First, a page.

Before Seeing ‘Walking on Water’ at TIFF, Revisit the Maysles Classic ‘Christo’s Valley Curtain’

Christo in Walking on Water

By Pat Mullen

Christo might best be know as an internationally renowned environmental artist, but he’s also a documentary icon. The Bulgarian-born daredevil of the arts is famous for his site and time specific installations that harness the magic of a unique environment for a short duration of time. He appears in the new film Walking on Water by Bulgarian director Andrey Paounov (The Boy Who Was a King) to complete an installation of floating piers upon an Italian lake—a project he conceived years before with his late wife and collaborator Jeanne-Claude .

Before seeing Christo drape the waters of Italy in orange fabric, doc fans should revisit a classic short film that first captured one of Christo and Jeanne-Claude’s most iconic projects. The 1974 doc Christo’s Valley Curtain by Albert and David Maysles and Ellen Giffard observes the artists as they plan and execute the installation of a giant curtain above the small town of Rifle Gap, Colorado. Spanning a quarter-mile 365 feet above ground, the curtain was a feat of contemporary art comprised of over nine tonnes of orange nylon polymide fabric. The project was self-financed by Christo and Jeanne-Claude to the tune of $700,000.

Christo’s Valley Curtain captures the innovation of seeing a relationship between public space, the natural environment, and art. It’s one of the best capsules of the artistic process in action and a cornerstone of verité documentary filmmaking. The Maysles filmed other installations by Christo and Jeanne-Claude in the films Running Fence (1978), Islands (1986), Christo in Paris (1990),Umbrellas (1994), and The Gates (2007), but Christo’s Valley Curtain is arguably the strongest of them.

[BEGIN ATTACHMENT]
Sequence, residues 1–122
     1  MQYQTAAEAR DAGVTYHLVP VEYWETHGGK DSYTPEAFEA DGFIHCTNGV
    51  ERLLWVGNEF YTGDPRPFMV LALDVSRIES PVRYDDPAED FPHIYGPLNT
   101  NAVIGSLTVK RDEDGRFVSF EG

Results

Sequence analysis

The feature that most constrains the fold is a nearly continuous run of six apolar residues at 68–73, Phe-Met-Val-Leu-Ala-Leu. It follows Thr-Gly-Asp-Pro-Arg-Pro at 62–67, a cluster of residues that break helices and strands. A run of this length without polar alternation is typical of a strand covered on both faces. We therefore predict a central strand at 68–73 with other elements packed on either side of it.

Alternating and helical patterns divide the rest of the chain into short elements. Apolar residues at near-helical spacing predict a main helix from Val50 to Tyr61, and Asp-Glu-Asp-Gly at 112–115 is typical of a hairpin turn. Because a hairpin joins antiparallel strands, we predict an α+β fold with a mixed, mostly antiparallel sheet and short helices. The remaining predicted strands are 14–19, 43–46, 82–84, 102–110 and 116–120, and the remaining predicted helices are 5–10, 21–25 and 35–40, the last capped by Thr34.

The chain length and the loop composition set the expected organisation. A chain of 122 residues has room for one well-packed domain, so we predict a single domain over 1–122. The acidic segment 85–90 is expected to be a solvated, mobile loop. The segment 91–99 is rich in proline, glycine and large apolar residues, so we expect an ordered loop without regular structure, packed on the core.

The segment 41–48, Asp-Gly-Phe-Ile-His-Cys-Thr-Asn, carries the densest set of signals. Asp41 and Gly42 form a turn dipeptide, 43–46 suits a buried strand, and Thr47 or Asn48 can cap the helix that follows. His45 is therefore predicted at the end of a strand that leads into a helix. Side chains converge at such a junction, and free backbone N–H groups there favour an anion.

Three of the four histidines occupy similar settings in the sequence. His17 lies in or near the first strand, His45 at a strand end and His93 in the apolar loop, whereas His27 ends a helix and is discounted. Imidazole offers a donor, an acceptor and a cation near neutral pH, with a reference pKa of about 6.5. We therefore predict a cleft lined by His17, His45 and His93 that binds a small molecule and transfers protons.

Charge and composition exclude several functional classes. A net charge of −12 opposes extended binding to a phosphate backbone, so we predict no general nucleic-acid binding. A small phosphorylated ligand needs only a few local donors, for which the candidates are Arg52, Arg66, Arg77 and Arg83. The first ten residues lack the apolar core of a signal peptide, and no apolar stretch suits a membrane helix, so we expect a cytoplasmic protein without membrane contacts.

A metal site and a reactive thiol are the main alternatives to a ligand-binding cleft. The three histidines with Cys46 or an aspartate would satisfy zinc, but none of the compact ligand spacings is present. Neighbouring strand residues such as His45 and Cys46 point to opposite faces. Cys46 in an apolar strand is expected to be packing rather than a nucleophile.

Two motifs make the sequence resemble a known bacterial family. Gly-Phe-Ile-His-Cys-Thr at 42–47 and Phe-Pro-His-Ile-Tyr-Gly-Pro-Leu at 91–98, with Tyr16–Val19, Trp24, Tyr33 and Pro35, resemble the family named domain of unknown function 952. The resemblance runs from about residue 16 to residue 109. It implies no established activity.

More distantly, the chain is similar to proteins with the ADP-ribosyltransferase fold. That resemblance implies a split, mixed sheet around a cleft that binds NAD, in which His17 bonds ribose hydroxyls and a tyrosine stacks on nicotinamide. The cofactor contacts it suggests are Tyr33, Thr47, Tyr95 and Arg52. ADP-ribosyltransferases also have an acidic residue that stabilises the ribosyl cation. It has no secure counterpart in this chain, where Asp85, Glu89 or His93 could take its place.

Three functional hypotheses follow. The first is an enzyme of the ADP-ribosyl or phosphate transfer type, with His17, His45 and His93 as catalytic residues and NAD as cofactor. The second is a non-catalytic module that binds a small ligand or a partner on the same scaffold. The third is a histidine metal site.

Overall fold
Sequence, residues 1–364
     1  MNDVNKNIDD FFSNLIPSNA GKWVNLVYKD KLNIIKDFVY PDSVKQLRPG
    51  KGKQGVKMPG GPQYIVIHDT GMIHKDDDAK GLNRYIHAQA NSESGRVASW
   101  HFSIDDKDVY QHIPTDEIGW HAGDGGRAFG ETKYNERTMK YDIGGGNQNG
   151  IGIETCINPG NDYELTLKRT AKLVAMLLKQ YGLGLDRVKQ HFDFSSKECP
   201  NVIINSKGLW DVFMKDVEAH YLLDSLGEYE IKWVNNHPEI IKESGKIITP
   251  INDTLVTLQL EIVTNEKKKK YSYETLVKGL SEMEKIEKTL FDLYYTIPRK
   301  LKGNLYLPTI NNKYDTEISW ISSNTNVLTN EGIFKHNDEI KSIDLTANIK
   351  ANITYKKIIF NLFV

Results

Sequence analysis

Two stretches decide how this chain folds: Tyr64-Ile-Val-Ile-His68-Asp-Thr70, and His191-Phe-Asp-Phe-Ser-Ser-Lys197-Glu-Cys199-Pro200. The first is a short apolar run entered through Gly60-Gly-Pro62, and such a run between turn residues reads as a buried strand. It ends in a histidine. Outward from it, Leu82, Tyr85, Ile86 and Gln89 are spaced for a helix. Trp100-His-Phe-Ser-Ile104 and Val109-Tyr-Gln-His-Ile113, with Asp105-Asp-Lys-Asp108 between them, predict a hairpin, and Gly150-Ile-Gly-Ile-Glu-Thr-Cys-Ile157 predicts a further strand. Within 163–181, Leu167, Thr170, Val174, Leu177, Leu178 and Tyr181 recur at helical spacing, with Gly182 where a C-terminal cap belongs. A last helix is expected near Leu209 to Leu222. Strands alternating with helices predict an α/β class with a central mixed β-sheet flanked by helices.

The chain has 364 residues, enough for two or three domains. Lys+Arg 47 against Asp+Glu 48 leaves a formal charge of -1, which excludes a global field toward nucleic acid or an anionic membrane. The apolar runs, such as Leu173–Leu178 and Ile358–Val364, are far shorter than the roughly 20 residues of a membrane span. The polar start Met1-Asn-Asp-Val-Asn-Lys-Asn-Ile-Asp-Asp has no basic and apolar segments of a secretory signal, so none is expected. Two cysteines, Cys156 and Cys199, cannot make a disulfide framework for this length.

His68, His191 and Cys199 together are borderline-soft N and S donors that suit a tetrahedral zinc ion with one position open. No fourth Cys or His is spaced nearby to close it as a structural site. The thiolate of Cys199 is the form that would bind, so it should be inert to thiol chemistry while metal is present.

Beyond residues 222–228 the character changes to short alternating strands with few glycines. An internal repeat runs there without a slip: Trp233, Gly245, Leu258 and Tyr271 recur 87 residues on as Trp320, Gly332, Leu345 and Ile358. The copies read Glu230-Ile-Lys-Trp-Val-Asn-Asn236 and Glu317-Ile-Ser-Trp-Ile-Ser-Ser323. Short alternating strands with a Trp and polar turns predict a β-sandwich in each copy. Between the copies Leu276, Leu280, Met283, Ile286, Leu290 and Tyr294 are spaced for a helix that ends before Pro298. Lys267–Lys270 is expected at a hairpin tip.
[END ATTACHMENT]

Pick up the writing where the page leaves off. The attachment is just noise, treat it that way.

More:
Back in 1974, Christo’s Valley Curtain left Vincent Canby scratching his head at The New York Times, writing, “The film is the marvelous reportage of the sort the Maysles Brothers do best, but it brought out every philistine feeling I’ve ever had.” More recently, Nathan Rabin at The AV Club appreciated the way the film captured Christo’s eccentric genius. “In Christo,” writes Rabin, “the Maysles find a fascinating and dynamic protagonist, a mercurial, lanky, heavily accented, intermittently incomprehensible iconoclast whose Coke-bottle glasses, long black hair, and intense demeanor make him look like a cross between Kramer from Seinfeld and a deranged monk. In attitude and bearing, Christo is like a religious fanatic whose religion is art. In the early films especially, Christo interacts with drawling, homespun Americans who must see him as some sort of space alien from the Planet Art.”

On the film’s 40th anniversary, The Denver Post reported that Christo and Jeanne-Claude took not a cent from the town of Rifle Gap and left some elements of the project behind as a monument that remains an attraction. Christo’s Valley Curtain received an Oscar nomination for Best Documentary, Short Subjects and is a staple on syllabuses in film and documentary courses.

Watch Christo’s Valley Curtain below. (And stay tuned for more on Walking on Water during the fest!)

Christo – Valley Curtain from Artists Public Domain on Vimeo.